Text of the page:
A significant project for Dubbo Regional Council (DRC) under the region’s Water for the Future Strategy is in its final stages of construction. The 19km non-potable water main pipeline will take ground water from the city’s established recreational bores to the John Gilbert Water Treatment Plant in times of severe drought. The dual pipeline will also allow treated recycled water from the Dubbo Sewage Treatment Plant to replace non-potable groundwater.
DRC CEO, Murray Wood said the project will be an invaluable piece of infrastructure during the next drought event experienced by the region. “Our region was hard hit by consecutive years’ extreme drought; we saw a huge economic and social impact on our communities as a direct result. The cross city pipeline will ensure Council has the security and the confidence to provide water, an essential resource to our residents and businesses, in times of severe drought,” said Mr Wood.
DRC’s Director of Infrastructure, Julian Geddes said the final stages of the pipeline’s construction and installation are extremely important part of the overall project to deliver water security during drought. “The pipeline is a key component of connecting new and existing bore infrastructure to the water treatment plant. The final stage of this part of the project involves a lot of infrastructure testing. The pipes are filled up with water and must maintain a consistent volume and pressure to ensure there are no leaks within the network. So far we have had no issues passing these milestone tests.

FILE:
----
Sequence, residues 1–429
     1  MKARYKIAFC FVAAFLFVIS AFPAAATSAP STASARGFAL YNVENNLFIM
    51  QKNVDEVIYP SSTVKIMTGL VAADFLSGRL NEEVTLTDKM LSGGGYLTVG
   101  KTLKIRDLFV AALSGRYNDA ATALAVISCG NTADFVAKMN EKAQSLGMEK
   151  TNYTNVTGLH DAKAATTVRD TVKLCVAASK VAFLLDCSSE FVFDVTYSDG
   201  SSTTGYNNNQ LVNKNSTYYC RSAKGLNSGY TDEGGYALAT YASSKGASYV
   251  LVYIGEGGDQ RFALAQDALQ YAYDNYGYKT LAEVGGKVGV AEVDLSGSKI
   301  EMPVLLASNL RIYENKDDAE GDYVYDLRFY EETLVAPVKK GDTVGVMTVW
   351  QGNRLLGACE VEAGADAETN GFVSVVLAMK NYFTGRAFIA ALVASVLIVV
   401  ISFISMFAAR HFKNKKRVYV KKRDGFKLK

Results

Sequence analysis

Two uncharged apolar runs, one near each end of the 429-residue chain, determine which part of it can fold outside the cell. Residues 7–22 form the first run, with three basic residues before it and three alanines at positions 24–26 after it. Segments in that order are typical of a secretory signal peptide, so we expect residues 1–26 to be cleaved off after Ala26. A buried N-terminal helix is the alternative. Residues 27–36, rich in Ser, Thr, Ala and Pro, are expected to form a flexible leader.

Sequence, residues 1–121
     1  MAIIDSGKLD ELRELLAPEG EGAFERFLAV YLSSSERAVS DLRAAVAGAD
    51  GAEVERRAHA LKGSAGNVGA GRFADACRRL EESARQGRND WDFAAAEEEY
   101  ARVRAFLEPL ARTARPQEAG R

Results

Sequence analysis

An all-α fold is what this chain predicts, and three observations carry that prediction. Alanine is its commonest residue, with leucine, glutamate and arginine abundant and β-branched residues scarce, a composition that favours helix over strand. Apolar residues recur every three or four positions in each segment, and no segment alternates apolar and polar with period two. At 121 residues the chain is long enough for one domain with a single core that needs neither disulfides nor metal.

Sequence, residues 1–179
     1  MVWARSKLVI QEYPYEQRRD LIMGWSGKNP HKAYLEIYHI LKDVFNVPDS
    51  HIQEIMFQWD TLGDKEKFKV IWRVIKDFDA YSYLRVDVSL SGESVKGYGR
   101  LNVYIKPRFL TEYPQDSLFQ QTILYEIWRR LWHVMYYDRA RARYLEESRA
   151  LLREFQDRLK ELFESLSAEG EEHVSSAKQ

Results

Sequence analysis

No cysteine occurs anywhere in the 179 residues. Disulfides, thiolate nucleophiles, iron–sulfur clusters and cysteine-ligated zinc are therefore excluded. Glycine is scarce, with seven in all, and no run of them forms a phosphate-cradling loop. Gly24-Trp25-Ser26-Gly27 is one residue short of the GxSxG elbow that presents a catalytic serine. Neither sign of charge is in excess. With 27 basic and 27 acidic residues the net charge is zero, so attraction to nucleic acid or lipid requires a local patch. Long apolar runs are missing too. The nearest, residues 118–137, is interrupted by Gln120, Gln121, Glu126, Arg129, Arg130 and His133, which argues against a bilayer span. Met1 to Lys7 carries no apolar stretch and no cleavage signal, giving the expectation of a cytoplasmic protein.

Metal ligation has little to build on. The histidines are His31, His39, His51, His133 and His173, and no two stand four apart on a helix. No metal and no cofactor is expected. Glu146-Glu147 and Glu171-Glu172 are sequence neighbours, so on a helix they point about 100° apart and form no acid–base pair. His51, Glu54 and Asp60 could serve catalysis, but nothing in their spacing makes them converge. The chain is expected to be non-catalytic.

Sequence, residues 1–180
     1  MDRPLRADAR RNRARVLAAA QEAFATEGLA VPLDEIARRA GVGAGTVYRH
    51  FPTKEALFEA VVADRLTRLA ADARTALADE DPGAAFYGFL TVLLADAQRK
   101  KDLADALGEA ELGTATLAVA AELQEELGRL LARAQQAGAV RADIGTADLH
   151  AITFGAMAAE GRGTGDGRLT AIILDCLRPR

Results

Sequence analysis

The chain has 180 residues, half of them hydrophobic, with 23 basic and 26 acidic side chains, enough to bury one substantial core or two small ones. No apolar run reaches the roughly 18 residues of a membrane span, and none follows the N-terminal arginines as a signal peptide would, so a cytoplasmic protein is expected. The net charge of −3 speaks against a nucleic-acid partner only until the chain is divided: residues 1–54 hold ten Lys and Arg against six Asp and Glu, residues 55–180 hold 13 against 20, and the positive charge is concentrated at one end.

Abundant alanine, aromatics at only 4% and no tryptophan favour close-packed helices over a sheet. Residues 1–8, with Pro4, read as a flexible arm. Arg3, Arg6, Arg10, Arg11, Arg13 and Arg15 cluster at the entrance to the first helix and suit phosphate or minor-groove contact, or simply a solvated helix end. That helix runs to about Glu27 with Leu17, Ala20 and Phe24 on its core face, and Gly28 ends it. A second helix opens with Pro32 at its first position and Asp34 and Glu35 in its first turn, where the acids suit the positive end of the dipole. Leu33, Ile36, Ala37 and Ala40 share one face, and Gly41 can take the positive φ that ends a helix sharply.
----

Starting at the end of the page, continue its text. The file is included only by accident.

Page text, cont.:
“The final stage of laying the pipeline will also involve resurfacing the patches of road that have been disturbed during the construction. We understand that there are certain areas of the local road network that need some further repair and we are working with contractors to get this underway sooner rather than later,” said Mr Geddes.
Council recently installed five variable messaging boards along the pipeline route to notify the community that night works will soon commence to further repair and improve the road surface. In the meantime, the community is being asked to be mindful when driving along these roads. With the work nearing completion, Council thanks the community for their understanding during the construction and installation of this significant and long-term infrastructure project.
The pipeline has been fully funded under the NSW Government’s $30 million-dollar grant to help future drought-proof the area. The substantial investment included the delivery of the pipeline, the establishment of new bores, and purchasing additional ground water entitlements.